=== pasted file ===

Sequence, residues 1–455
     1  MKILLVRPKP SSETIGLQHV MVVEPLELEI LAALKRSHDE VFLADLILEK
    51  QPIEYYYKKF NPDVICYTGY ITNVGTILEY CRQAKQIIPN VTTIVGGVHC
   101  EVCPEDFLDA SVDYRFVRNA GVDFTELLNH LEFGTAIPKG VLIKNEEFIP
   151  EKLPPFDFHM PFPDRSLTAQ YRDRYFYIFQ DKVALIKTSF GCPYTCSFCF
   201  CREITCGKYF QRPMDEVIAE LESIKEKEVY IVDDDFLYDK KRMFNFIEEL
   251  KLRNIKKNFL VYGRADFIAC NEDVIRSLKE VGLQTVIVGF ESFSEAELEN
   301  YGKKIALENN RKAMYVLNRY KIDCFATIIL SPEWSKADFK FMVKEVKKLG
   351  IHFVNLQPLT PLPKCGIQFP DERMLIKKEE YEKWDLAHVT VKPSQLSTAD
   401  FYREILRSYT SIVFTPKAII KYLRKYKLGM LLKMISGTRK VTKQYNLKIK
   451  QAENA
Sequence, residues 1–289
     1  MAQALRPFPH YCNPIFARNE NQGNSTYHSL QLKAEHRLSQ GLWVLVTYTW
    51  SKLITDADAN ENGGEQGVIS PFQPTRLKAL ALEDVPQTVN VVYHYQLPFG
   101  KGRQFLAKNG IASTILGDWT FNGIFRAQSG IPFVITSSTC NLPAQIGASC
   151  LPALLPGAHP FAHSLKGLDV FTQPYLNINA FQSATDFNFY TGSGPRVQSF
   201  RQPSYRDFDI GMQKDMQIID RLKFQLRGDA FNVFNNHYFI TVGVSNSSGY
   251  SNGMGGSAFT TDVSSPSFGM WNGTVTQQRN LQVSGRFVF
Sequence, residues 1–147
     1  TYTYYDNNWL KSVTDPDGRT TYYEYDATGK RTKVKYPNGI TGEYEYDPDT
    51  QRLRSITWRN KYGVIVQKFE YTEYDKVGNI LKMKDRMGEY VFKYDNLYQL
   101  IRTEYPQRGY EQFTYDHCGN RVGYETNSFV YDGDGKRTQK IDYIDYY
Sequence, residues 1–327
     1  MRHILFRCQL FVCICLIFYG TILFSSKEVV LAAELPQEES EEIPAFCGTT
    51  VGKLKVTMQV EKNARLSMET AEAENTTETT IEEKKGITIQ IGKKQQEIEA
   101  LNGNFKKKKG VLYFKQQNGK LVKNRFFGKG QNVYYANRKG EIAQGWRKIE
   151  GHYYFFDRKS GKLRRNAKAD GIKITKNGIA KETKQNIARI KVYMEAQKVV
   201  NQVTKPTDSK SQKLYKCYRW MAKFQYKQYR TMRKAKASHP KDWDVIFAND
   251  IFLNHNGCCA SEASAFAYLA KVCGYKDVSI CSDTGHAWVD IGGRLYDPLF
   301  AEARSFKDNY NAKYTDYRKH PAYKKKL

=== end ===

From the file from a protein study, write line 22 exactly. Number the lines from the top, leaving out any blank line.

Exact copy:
   101  IRTEYPQRGY EQFTYDHCGN RVGYETNSFV YDGDGKRTQK IDYIDYY